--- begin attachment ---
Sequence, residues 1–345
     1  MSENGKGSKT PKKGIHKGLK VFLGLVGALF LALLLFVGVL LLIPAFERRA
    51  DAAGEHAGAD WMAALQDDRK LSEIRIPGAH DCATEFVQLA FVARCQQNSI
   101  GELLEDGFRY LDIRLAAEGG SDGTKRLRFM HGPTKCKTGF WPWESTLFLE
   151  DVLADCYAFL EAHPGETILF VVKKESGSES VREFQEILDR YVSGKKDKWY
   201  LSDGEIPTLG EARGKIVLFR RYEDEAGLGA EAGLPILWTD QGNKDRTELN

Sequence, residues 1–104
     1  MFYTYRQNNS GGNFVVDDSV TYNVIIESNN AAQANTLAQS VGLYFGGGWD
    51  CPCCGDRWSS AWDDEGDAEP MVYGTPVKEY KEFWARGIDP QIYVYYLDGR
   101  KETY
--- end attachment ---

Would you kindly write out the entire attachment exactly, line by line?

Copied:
Sequence, residues 1–345
     1  MSENGKGSKT PKKGIHKGLK VFLGLVGALF LALLLFVGVL LLIPAFERRA
    51  DAAGEHAGAD WMAALQDDRK LSEIRIPGAH DCATEFVQLA FVARCQQNSI
   101  GELLEDGFRY LDIRLAAEGG SDGTKRLRFM HGPTKCKTGF WPWESTLFLE
   151  DVLADCYAFL EAHPGETILF VVKKESGSES VREFQEILDR YVSGKKDKWY
   201  LSDGEIPTLG EARGKIVLFR RYEDEAGLGA EAGLPILWTD QGNKDRTELN

Sequence, residues 1–104
     1  MFYTYRQNNS GGNFVVDDSV TYNVIIESNN AAQANTLAQS VGLYFGGGWD
    51  CPCCGDRWSS AWDDEGDAEP MVYGTPVKEY KEFWARGIDP QIYVYYLDGR
   101  KETY